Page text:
We’re pretty confident now that there are no such probes on the moon, but there could be some on the recently-discovered moonlets which orbit the earth, and the Chinese are preparing a mission to investigate one. But the asteroid belt is a better hiding place.

Intelligence is hard to evolve

There seem to be many, many places in the galaxy where our kind of life could exist. Roughly one in 20 stable stars out there appears to have an earth-like exoplanet in its so-called Goldilocks zone. Even here in our own solar system, there are between six and a dozen ice-roofed ocean worlds – moons like Europa, Enceladus, Ganymede, Callisto, and probably Titan – that have vast amounts of liquid water that might support life. Also dwarf planets like Ceres, and poor, demoted Pluto. We haven’t been looking for extraterrestrial life for long, but we are getting better at it. Brin is delighted by the European Gaia mission, which launched in 2013. It is measuring the exact positions and movements of 10 million objects in deep space. He finds it sad that so few people appreciate what marvels of science and engineering projects like this are.

The apparent absence of intelligent life makes Brin think that it is hard for intelligent life to evolve. In some of his science fiction, like the excellent Uplift trilogy, he suggests that most of the intelligent life in the galaxy has been coaxed into existence by a tiny number of naturally evolved beings.

Judging by the life on earth, it seems to be fairly easy to evolve to a pre-technological level of intelligence, but very hard to evolve beyond that. There are plenty of examples of the former on the earth (dolphins, apes, crows, elephants, sea lions, and so on), and only one example of the latter – us. Something little short of miraculous happened to us 80,000 years ago or so, and we’ve been re-writing our software with language ever since.

Somewhat lobotomised

Brin may be best known as the author of the book which Kevin Costner used for his movie “The Postman”. He describes the movie as “gorgeous, big-hearted and maybe a little bit dumb… somewhat lobotomised, but overall under-rated”. He says he can forgive its flaws because it is such a beautiful and morally inspiring film to watch.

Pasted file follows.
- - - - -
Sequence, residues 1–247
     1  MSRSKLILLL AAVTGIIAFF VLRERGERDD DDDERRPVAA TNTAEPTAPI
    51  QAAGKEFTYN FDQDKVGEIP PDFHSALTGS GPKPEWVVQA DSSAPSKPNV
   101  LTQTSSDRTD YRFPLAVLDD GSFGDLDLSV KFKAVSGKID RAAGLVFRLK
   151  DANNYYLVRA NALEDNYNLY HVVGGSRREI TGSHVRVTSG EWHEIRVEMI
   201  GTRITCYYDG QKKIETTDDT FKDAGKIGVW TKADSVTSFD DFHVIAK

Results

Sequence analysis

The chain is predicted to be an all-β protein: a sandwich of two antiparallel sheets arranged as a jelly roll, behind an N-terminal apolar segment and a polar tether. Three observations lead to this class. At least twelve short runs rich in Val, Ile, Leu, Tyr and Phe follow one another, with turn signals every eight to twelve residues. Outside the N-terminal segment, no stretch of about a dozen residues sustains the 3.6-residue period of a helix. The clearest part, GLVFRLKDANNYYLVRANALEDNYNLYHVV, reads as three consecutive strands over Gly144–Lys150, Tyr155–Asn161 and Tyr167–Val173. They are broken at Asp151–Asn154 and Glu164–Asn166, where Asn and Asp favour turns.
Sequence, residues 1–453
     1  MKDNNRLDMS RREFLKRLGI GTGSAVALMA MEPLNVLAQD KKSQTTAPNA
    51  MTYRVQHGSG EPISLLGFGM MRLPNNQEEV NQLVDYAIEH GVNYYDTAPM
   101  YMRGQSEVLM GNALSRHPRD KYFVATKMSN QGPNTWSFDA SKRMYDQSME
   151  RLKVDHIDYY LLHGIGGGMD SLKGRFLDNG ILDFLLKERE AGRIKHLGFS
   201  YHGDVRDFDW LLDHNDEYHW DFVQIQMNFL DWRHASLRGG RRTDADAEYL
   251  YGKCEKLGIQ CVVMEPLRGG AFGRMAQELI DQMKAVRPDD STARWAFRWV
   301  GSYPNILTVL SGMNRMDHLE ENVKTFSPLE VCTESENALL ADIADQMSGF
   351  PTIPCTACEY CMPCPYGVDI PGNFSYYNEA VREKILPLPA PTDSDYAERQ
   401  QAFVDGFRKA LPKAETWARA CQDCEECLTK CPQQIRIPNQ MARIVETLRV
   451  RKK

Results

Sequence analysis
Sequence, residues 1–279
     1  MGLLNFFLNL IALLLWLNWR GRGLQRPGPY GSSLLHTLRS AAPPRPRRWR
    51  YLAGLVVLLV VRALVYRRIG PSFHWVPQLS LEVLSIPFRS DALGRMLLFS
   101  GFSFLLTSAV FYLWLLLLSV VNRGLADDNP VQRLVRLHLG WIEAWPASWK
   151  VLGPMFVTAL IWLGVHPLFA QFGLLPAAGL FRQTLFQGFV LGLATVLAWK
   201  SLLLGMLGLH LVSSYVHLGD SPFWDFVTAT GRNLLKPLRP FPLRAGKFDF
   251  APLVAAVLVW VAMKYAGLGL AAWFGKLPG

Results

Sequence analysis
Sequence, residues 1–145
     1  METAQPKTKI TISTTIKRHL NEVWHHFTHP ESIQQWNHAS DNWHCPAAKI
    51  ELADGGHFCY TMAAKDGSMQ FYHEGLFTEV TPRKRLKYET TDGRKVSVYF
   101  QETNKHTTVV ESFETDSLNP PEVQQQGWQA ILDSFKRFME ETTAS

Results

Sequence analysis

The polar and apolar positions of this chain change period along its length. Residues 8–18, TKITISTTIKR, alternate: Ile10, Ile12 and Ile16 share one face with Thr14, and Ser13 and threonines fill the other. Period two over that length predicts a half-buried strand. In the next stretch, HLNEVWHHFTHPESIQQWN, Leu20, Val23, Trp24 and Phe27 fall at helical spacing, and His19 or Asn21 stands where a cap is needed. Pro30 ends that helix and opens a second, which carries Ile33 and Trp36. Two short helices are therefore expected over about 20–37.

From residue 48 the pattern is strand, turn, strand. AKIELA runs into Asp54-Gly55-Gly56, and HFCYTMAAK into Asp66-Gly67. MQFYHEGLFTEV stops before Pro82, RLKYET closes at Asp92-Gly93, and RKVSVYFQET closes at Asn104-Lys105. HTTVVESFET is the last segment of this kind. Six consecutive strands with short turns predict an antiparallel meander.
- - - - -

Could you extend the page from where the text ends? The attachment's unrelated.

Perhaps his most famous non-fiction work is his book "The Transparent Society: Will Technology Force Us to Choose Between Privacy and Freedom?", first published in 1998.

He still thinks that the solution to many of our problems today is an old one: reciprocal accountability. Humans are delusional, and we cannot often see our own delusions. Science can help because it always admits that it might be wrong. But in the end, the only way to discover errors is competition – you point out my delusions and I’ll point out yours - and that process requires transparency. Sousveillance is the answer to surveillance, providing a way to prevent Big Brother. Which leaves the next layer of problem: what if a majority of people in a democracy openly and deliberately set out to repress and persecute a minority? This oppression by a 51% of ‘little brothers” is what happens in Fahrenheit 451, and it is a harder problem to solve.

Surviving AI

Harder still is the problem of how to survive the arrival of superintelligence. This is not just hard to survive; it is even hard to write about a future world with active superintelligence in it, because you have to write about how something godlike behaves, and perhaps thinks. Most science fiction authors simply pretend that advanced AI never happened. Others, like Iain M. Banks, cheat by pretending that humans could have meaningful conversations with superintelligences that are millions of times smarter, and think millions of times faster. (Although in the case of Banks, of course, the cheating is magnificent.)

Brin thinks we can survive the arrival of superintelligence by creating several of them, all in competition with each other. Clearly, then, Brin is an optimist. As he reminds us, looking back at all the dystopian science fiction in the world, “things aren’t as bad as we were warned they would be.”

London Futurists Podcast
London Futurists Podcast